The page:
Freshly isolated resting CD4+ T cells were incubated with media consisting of RPMI medium 1640 supplemented with 10% (vol/vol) FCS, penicillin-streptomycin, and l-glutamine ± cyclosporin A (1 μg/ml), HAART (4 μM AZT, 5 μM 3TC, and 10 μM Indinavir), actinomycin D (0.1 μg/ml), or anti-CD3 antibody for 1–3 days at a density of 2 × 106 cells per ml. At days 1 and 3, culture supernatants were harvested, and cell-free HIV-1 was quantified by using Amplicor HIV-1 Monitor Test (Roche Diagnostics; detection limit: 50 copies per ml) according to the manufacturer's instructions. In some experiments, cells were treated with pronase (20 mg/ml) before incubation to rule out detection of cell-bound HIV-1 virions that would later be released into the supernatant.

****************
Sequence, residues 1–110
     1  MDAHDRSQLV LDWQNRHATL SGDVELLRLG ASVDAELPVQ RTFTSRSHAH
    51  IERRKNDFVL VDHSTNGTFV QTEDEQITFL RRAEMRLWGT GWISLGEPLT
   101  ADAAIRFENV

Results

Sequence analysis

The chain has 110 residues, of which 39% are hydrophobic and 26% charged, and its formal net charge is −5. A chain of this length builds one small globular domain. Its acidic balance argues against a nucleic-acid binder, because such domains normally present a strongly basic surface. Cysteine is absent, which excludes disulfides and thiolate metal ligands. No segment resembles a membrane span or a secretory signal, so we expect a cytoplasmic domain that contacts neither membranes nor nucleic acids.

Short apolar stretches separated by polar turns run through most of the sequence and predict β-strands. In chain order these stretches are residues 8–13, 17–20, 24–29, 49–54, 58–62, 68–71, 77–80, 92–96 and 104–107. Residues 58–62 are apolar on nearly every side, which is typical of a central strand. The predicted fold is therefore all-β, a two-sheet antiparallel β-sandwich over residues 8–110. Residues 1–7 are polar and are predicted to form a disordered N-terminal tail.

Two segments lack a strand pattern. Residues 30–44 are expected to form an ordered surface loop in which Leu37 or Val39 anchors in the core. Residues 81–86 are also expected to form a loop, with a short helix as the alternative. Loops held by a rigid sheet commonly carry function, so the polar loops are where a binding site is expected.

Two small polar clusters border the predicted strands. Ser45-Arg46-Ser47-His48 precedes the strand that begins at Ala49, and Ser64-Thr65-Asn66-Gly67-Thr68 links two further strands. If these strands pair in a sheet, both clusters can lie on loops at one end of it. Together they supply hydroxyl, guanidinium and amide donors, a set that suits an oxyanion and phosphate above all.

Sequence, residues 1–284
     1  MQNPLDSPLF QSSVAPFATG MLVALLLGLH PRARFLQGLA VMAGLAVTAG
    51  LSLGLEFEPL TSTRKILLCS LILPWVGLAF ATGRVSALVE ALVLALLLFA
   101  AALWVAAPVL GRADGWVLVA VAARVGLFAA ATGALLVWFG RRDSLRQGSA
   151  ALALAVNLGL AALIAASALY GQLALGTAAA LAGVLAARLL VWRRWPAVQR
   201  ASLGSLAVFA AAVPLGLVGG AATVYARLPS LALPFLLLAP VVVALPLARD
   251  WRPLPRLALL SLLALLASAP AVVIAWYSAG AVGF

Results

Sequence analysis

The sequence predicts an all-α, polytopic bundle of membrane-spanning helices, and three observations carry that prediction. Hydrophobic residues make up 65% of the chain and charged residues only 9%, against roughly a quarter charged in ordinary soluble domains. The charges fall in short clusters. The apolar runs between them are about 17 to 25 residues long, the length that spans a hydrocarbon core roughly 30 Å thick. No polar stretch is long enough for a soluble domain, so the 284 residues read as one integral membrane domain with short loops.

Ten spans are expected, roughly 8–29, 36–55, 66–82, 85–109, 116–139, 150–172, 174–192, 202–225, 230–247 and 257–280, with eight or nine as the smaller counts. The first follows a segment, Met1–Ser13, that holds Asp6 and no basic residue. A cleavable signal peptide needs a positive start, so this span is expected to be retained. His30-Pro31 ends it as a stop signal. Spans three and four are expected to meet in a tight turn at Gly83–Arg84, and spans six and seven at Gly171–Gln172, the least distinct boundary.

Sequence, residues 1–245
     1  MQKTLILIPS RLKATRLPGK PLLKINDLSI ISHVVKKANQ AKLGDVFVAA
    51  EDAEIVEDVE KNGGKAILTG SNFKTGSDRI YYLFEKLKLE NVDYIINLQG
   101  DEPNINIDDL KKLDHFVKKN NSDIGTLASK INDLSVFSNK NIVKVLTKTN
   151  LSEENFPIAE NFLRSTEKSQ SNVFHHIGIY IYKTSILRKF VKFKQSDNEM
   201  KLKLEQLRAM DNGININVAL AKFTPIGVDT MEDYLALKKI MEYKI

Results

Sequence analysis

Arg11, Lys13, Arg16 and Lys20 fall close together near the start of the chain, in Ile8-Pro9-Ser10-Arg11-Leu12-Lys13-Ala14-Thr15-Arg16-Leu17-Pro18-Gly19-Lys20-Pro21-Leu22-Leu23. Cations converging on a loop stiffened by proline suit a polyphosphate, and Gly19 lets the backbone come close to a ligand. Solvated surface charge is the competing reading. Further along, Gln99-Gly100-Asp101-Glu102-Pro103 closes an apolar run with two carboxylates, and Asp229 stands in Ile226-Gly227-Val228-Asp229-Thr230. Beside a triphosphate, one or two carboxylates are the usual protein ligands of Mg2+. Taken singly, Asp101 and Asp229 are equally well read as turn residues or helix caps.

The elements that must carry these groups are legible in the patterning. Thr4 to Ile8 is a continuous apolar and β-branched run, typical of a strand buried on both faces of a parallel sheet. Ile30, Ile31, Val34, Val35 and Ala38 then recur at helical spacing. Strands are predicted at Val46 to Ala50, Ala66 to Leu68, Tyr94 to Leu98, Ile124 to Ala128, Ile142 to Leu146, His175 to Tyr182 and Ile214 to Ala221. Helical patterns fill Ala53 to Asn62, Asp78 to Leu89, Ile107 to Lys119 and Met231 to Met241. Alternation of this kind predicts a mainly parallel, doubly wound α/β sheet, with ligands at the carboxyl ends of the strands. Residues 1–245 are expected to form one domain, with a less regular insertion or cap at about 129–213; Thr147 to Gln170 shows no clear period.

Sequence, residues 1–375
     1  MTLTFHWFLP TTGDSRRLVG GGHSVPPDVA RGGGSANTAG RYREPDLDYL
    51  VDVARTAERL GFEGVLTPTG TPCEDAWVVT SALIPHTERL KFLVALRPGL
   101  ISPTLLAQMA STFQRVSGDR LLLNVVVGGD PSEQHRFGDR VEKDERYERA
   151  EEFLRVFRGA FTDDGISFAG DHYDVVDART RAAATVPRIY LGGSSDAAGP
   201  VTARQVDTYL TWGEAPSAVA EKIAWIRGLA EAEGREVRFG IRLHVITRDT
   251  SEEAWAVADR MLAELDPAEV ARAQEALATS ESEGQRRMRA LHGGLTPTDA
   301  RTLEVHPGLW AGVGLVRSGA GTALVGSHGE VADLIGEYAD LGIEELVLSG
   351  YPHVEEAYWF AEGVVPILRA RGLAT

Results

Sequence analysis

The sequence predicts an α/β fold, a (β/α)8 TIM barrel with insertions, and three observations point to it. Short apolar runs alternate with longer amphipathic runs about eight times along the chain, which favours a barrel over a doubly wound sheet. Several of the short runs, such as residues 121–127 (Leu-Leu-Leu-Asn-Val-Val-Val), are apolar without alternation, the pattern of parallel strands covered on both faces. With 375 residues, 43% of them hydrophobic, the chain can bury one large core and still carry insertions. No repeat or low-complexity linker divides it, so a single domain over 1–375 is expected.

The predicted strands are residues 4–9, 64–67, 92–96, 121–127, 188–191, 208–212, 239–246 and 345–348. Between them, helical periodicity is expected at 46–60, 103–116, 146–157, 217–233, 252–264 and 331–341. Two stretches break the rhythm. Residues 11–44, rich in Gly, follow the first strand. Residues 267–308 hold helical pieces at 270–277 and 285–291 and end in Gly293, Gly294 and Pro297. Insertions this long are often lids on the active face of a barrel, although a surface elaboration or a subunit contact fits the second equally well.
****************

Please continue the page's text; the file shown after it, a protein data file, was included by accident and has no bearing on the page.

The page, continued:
Quantitative Real-Time PCR for Measurements of HIV-1 DNA and Cell-Associated, Unspliced HIV-1 RNA.